Over the years LinkedIn has allowed LION groups to exist, so they have taken a more neutral stance. In fact, the ability to search for LION groups in the groups section has made it easier to join LION groups. However, they still place limitations on those who have a large following and send out lots of invites over a short period of time.
So, in the end, I would say that LinkedIn originally discouraged users from sending out large numbers of invitations from people they do not know, but now they are more neutral towards LIONs.
How the Open Networker Movement Has Evolved
Since I originally wrote post, the LION movement, and LinkedIn, have changed quite a bit, to the point where many Internet Marketers and for-profit users simply see becoming a LION as an easy way to acquire email addresses to either sell or to opt you in to mailing lists you did not actually agree to subscribe to.
Because of this, and other ways of engaging openly in social media with others that have evolved over the years, I am no longer representing myself as a LinkedIn LION. In fact, I believe that the movement has become synonymous with a lot of spam and have even called for the end of the LinkedIn LION movement.
That being said, in the spirit of open networking, should you 1) personalize your invitation to me and 2) explain your purpose for connecting, I will most likely accept your invite (click here for my profile).
This is actually a best practice for inviting anyone with whom you are not familiar or closely tied.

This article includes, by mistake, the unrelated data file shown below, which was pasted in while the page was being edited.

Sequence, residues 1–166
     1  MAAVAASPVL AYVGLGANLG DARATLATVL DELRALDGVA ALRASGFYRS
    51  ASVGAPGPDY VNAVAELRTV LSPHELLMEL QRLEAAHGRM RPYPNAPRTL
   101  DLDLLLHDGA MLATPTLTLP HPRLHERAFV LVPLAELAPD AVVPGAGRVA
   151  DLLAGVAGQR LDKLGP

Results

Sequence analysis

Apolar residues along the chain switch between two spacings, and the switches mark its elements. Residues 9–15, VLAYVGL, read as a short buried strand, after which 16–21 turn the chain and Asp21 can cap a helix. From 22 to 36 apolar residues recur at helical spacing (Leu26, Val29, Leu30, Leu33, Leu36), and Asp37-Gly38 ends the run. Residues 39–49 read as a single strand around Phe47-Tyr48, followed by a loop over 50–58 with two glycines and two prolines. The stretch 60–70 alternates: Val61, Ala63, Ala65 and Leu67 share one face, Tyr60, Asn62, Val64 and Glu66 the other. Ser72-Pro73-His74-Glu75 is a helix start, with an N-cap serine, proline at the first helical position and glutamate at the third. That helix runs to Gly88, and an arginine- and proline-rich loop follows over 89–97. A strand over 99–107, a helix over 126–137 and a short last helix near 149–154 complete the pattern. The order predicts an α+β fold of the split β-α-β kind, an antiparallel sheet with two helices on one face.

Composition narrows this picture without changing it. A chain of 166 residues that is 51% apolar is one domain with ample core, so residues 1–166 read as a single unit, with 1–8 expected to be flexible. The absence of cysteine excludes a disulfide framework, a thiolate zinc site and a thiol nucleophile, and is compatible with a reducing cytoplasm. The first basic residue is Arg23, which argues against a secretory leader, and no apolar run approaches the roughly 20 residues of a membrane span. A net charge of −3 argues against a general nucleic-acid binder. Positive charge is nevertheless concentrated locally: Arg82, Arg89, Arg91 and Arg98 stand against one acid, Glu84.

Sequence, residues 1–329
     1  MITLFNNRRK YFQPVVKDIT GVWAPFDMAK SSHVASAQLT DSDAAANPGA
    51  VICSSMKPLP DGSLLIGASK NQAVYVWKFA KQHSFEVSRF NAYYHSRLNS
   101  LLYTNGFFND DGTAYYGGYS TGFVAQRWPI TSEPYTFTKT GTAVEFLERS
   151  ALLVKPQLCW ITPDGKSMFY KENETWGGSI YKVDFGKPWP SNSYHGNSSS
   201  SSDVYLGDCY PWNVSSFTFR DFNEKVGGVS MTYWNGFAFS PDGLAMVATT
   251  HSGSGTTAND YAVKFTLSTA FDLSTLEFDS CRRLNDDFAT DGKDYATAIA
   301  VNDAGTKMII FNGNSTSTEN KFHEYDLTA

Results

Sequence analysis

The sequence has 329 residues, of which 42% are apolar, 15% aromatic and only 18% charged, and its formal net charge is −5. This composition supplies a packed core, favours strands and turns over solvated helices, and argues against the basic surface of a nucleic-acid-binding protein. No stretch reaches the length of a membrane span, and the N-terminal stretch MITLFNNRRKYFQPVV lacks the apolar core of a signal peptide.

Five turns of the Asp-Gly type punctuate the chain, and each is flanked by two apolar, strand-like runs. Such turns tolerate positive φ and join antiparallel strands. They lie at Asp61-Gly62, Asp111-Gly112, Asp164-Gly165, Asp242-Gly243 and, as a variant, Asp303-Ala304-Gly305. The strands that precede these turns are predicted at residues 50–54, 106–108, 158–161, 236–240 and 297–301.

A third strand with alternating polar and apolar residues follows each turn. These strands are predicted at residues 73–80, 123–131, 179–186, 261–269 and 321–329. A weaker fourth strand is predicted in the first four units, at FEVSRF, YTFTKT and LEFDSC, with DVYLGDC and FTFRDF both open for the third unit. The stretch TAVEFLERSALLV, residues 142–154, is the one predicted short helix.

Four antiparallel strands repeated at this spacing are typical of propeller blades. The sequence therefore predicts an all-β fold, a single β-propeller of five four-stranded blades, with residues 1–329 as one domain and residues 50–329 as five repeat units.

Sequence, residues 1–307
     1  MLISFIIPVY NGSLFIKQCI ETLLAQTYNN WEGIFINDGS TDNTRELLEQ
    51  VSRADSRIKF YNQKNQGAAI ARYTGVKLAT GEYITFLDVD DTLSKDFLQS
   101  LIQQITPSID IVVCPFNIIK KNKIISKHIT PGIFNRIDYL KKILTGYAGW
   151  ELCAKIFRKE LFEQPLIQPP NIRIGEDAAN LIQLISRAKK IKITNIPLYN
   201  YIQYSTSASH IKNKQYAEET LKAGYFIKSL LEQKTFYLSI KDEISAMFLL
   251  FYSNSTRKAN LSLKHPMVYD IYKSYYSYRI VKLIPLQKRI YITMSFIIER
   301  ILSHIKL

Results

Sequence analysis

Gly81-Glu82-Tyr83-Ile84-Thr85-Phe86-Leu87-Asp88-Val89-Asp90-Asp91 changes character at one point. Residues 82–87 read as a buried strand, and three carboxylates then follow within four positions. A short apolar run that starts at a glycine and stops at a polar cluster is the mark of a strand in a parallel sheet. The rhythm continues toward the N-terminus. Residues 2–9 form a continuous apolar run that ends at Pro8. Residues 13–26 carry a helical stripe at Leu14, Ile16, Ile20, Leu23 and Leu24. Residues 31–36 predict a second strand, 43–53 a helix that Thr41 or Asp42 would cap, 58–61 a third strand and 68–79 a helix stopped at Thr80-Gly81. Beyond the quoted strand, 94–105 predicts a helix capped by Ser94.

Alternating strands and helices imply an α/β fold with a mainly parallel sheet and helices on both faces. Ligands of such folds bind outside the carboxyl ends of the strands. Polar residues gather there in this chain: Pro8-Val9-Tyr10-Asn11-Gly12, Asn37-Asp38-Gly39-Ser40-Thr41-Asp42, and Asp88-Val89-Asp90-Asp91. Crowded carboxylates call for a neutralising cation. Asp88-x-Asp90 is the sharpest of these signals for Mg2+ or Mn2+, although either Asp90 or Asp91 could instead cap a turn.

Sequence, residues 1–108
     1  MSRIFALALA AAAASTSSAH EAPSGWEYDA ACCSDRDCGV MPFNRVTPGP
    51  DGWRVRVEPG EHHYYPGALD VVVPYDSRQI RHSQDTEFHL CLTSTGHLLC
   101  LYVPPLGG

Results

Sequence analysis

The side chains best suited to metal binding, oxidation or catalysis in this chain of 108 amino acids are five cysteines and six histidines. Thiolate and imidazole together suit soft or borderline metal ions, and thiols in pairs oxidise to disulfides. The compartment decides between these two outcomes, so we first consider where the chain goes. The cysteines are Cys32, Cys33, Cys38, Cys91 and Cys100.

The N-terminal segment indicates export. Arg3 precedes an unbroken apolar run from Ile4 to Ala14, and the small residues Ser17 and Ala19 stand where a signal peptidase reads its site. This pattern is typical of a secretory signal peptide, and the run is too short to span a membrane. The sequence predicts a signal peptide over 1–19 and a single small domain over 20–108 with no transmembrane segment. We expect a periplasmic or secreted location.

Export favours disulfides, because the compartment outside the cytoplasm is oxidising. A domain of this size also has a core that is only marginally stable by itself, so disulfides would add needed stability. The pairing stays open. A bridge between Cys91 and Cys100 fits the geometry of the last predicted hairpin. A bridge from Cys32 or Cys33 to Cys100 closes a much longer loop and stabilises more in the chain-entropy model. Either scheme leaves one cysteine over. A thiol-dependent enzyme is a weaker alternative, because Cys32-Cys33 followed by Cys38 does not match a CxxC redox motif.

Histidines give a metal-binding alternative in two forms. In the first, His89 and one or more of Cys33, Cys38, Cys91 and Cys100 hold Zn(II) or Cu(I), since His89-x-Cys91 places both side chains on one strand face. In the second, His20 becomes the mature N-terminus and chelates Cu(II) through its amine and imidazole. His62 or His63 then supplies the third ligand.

Being a LinkedIn LION Today
Because being a LION has become something of a casting call for spam as mentioned above, you may want to opt out of being a LION at this time.
Although being a LION was once considered the most efficient way to connect with other networkers who wanted to improve their connections through honest means, expanding the number of people you connect with on the site can be accomplished by other means, including joining groups, and developing a network with people in your immediate circles and through in-person meet ups and groups.
Recruiting efforts from LinkedIn spam can be frustrating, and can actually stymy your attempts to grow your network. Instead of using the term “LION” in your information, consider expressing your interest in connecting in another way, such as indicating that you are open to exchanging information and connecting with people who are nearby you, in the same industry as you, or by some other criteria that best suits you and your needs.
Are YOU a LION now or were at any point in time? What has your experience been with the open networking movement? Please chime in in the comments below!
Looking for more LinkedIn tips? Check out these recommended posts:
- 5 LinkedIn Summary Examples (and 7 Tips) to Help You Attract More Leads
- 7 Ways and 12 Best Practices to Use LinkedIn Polls for Marketing (with Examples)
Hero photo by Glen Carrie on Unsplash